Doctors of Internal Medicine, also called Internists, are physicians who focus on medical care of adults. They are trained to diagnose, treat, and prevent medical illnesses. Like other primary care physicians such as Pediatricians and Family Practitioners, Internal Medicine physicians develop long-term relationships with their patients. This allows them to provide personalized care.
Internal medicine focuses on diseases that affect the internal parts of the body. This includes problems affecting the heart, kidneys, lungs, liver, and other organs. Internists often treat multi-system illnesses, which are often much more complicated than conditions that affect only one physiological system. They also have training in diagnosing rare disorders and unusual symptoms. Internal medicine also includes a strong emphasis on prevention to avoid serious illness and its complications.
Internal medicine physicians provide care to adults. Some practice general internal medicine in the office while others work with critically ill patients in the hospital. Internal medicine physicians can also become specialists in areas such as cardiology or endocrinology by completing a fellowship. Wherever they work, they bring a comprehensive and scientific approach.
Internists are not required to train in pediatrics, obstetrics, or surgery. Instead, they spend extensive time in medical specialty areas such as:
Because of the span of their knowledge in multiple systems of the body, internists are often called upon to assist in consultations on complex or perplexing medical cases. It is common to see internists working hospitals because many of their patients are usually very sick and require significant care.
The main difference between an internist and a family practitioner is that internists provide their services to adults (and sometimes adolescents). Internal medicine takes a scientific approach to medicine, focusing heavily on the much more complex processes of the body and how each one can affect another. While an internist may act as a primary care physician, their practice does not usually include areas of obstetrics and pediatrics.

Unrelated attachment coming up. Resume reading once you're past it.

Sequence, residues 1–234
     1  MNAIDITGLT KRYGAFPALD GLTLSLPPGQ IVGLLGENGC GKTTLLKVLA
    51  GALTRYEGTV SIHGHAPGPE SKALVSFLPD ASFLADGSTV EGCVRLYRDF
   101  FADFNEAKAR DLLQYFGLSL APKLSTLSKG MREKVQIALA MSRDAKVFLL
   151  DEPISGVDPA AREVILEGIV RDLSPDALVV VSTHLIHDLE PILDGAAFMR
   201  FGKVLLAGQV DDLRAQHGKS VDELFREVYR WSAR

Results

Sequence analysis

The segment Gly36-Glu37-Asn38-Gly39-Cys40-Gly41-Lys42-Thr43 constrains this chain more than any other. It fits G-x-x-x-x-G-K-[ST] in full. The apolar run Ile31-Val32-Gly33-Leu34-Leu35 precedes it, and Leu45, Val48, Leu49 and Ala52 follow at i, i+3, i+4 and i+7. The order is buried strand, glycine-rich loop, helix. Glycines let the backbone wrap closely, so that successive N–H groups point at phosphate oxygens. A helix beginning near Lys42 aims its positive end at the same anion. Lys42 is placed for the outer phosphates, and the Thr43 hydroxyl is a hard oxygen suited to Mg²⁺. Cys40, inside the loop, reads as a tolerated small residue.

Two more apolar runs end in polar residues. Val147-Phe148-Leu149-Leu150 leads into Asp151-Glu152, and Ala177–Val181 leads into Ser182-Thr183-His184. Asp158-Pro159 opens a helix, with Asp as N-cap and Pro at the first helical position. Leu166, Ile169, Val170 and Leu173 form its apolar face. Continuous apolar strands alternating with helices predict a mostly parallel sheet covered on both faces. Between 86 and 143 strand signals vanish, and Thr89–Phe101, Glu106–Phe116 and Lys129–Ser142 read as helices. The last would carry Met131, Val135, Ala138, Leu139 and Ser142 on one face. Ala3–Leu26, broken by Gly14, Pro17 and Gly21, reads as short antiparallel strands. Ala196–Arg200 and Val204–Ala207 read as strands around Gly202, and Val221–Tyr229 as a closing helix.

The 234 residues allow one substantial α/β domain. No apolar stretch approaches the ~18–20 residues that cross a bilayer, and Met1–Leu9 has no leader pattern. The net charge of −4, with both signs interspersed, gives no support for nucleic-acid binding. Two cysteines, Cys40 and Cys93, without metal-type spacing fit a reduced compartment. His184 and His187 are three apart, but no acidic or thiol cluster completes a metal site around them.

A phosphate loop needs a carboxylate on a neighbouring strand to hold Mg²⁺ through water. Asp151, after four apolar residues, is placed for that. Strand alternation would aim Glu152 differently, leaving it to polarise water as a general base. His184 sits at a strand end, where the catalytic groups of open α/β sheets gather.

Family Practice training covers a broader variety of common problems. Seeing all age groups, they are able to serve the entire family. They also are more likely to perform office procedures such as IUD placement or joint injections.
One term that can cause confusion is a general practitioner. Unlike Family Practice and Internal Medicine specialists who complete multiyear training to be able to achieve Board Certification, a general practitioner does not have that training and is not able to become Board Certified.
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With decades of combined experience and expertise, our team is led by board-certified physicians, providers, and therapists who are all passionate about your health. We know choosing the right healthcare provider is important. We are excited and honored to have you as part of our denova family and invite you to reach out to us today to schedule a consultation!
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